The children adhere to a moral conduct for the duration of the course, to provide a strong foundation for their meditation. They listen to tape or video recordings of instructions and short talks given by the teacher, S.N. Goenka. The day consists of half-hour sessions of meditation, interspersed with creative and physical activities.

A Children’s Course Teacher conducts the meditation sessions and gives individual guidance or explanations as necessary. Other course helpers are on hand to supervise the children, look after their material needs and organise activities.

How much does it costBack to top

In keeping with the Vipassana tradition, all courses are run solely on a donation basis, and are therefore free of charge.

All expenses are met by donations from those who, having completed a course and experienced the benefits of the meditation for themselves, wish to give others the same opportunity.

In this spirit, children and parents may give a donation at the end of the course if they wish. Any donation should only be what the giver may comfortably afford.

How to get hereBack to top

For comprehensive directions on how to get to Dhamma Dipa please visit this page.

How to continue meditatingBack to top

This is a short MP3 audio(10 min) for use by those children and teenagers who have attended an Anapana meditation course. Click here for the audio.

How can I find out moreBack to top

There is an international website that contains lots of excellent information including several films. Please click here. There is also Anapana News, the newsletter for Anapana course students. It comes out about twice a year and is sent to children and young people who have completed a course.

It has stories about Anapana meditation, helpful words from S.N. Goenka (the teacher of the technique), course dates, games and other useful information. Please click to open a previous issue:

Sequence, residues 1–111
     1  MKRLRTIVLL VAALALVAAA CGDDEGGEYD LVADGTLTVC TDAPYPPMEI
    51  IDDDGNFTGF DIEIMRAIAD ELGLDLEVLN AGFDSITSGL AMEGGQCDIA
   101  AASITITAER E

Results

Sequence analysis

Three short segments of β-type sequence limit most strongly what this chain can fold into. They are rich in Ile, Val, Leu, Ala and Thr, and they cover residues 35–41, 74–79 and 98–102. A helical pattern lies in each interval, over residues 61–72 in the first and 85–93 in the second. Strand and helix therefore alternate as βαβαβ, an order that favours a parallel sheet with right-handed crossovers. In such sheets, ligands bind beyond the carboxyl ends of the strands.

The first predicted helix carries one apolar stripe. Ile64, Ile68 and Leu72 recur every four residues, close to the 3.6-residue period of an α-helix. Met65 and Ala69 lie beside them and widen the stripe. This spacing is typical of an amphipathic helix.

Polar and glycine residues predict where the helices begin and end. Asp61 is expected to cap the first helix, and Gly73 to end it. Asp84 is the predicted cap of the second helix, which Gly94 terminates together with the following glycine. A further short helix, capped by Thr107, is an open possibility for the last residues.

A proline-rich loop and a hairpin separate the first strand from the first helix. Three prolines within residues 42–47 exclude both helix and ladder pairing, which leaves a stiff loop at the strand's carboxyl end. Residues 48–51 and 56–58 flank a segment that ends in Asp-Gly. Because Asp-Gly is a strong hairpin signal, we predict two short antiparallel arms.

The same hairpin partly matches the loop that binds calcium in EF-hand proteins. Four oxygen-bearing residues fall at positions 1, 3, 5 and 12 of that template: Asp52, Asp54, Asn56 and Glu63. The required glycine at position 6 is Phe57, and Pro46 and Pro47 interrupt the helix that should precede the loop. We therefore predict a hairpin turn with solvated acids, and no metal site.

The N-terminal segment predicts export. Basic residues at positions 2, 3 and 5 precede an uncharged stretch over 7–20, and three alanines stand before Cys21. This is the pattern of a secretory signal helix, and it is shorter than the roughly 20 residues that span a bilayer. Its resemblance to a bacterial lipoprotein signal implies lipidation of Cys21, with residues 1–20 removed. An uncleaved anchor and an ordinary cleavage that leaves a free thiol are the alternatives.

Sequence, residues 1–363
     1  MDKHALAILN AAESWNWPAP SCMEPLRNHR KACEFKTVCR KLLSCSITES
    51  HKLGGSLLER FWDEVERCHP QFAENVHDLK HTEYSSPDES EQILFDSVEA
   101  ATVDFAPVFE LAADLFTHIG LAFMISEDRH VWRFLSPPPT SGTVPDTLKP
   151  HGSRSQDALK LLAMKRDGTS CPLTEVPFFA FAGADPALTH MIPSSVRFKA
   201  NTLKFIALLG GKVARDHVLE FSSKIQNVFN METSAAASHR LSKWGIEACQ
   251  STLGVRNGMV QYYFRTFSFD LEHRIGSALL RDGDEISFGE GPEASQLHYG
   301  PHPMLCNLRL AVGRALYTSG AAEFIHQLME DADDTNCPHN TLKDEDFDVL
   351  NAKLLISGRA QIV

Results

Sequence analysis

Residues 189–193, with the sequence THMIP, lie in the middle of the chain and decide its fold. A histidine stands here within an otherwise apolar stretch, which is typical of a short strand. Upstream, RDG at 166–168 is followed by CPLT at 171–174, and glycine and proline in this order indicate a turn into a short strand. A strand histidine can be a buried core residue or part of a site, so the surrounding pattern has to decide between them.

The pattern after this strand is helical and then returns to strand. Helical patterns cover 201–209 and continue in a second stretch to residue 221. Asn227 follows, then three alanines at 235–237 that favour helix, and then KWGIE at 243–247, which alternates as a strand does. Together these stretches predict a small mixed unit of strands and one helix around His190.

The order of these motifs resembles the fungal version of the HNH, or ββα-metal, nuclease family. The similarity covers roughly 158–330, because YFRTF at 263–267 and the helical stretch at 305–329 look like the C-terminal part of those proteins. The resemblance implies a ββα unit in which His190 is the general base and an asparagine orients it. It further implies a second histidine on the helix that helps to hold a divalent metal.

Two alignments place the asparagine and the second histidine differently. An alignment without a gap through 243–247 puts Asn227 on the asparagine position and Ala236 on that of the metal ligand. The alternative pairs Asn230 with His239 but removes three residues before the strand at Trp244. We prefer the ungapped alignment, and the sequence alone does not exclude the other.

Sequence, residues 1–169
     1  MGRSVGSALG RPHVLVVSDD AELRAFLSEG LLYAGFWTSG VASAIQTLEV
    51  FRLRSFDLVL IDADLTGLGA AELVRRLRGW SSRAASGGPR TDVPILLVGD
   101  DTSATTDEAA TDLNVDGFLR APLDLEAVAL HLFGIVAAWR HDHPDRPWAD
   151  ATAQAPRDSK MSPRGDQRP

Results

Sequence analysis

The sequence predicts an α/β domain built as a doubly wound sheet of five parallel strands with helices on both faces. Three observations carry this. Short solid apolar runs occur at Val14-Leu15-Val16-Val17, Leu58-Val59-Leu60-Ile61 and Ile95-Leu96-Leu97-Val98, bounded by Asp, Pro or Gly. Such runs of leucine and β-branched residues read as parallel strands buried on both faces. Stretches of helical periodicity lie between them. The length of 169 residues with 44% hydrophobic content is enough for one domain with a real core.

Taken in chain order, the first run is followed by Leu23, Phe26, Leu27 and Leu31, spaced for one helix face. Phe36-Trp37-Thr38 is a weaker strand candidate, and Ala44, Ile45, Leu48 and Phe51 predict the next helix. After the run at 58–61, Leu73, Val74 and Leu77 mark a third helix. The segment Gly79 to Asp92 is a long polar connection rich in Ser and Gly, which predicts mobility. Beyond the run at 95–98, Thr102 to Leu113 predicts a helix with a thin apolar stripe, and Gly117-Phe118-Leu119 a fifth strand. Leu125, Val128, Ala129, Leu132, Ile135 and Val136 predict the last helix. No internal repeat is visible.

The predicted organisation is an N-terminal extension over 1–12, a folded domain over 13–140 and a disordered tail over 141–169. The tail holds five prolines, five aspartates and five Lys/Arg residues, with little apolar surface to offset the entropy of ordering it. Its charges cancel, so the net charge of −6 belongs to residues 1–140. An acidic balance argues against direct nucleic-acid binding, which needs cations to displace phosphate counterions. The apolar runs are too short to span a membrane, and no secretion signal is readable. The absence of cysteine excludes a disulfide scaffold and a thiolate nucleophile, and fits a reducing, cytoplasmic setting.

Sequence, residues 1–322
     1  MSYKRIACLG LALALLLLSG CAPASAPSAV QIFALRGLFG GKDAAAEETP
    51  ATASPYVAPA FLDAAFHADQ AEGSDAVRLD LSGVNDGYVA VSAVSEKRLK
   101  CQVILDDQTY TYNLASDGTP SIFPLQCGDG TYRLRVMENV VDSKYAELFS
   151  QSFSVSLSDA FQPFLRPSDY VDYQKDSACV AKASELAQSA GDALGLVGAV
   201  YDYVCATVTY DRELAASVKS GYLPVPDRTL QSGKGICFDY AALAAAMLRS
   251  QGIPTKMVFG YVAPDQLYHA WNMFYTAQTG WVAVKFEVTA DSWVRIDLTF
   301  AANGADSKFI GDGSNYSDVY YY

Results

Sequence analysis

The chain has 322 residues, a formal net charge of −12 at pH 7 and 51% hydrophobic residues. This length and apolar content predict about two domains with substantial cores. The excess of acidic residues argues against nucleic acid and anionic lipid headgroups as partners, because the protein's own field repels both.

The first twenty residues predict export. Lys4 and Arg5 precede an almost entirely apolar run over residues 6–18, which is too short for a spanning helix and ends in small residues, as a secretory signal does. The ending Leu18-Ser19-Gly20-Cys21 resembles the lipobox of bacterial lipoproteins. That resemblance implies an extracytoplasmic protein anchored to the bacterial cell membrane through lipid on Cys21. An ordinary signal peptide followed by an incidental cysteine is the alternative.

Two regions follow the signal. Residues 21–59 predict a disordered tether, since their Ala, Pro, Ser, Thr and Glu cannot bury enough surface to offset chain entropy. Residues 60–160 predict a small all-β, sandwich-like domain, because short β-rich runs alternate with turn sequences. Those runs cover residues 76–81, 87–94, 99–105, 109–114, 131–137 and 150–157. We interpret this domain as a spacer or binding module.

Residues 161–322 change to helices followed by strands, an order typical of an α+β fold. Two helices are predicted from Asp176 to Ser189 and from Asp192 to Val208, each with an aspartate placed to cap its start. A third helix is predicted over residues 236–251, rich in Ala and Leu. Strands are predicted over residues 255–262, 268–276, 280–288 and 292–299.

Issue 3

Issue 4

Issue 6

Issue 7

How to organize a courseBack to top

One day courses can be organised at suitable rented sites like schools and community centres.

A course venue should be quiet and removed from any other activities taking place in a given location, so there is minimum distraction to the students. There should be space inside for meditation, somewhere for the students to eat and a space for indoor creative activites. It is also good to have space, outside or inside, for games and physical activities.

There is no cost for the courses. Ideally an organisation or group with a desire to run a course will have an adult who has completed a 10 day Vipassana course as taught by S.N. Goenka, but this is not essential. The Vipassana Trust’s Children’s Course committee would provide the necessary volunteers to run a course.

The Vipassana Trust has a Child Protection Policy and puts course servers through a criminal records check.

Following a course, it is beneficial for the group / organisation to give the students the opportunity to sit for 10 minutes as part of their daily schedule. Participation in this by the children / young people should be voluntary.

In special cases, it may be possible to organise 2-day residential courses.

Should you want to explore the idea of organising a course, contact Arvin Barkhordarian on 01600 890966.


Video: The Wild Mind